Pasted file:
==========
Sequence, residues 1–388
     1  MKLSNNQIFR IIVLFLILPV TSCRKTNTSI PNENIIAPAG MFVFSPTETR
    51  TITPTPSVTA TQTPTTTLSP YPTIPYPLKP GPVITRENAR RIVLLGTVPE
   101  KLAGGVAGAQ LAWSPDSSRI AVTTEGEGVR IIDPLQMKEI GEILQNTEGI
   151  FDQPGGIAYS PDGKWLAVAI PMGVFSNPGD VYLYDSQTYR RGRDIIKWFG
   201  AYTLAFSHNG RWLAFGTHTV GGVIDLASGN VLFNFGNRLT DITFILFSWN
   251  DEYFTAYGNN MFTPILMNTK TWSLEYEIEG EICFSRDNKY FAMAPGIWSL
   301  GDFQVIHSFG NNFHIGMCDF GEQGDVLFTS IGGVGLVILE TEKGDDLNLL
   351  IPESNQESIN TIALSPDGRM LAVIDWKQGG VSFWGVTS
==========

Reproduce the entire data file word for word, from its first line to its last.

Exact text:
Sequence, residues 1–388
     1  MKLSNNQIFR IIVLFLILPV TSCRKTNTSI PNENIIAPAG MFVFSPTETR
    51  TITPTPSVTA TQTPTTTLSP YPTIPYPLKP GPVITRENAR RIVLLGTVPE
   101  KLAGGVAGAQ LAWSPDSSRI AVTTEGEGVR IIDPLQMKEI GEILQNTEGI
   151  FDQPGGIAYS PDGKWLAVAI PMGVFSNPGD VYLYDSQTYR RGRDIIKWFG
   201  AYTLAFSHNG RWLAFGTHTV GGVIDLASGN VLFNFGNRLT DITFILFSWN
   251  DEYFTAYGNN MFTPILMNTK TWSLEYEIEG EICFSRDNKY FAMAPGIWSL
   301  GDFQVIHSFG NNFHIGMCDF GEQGDVLFTS IGGVGLVILE TEKGDDLNLL
   351  IPESNQESIN TIALSPDGRM LAVIDWKQGG VSFWGVTS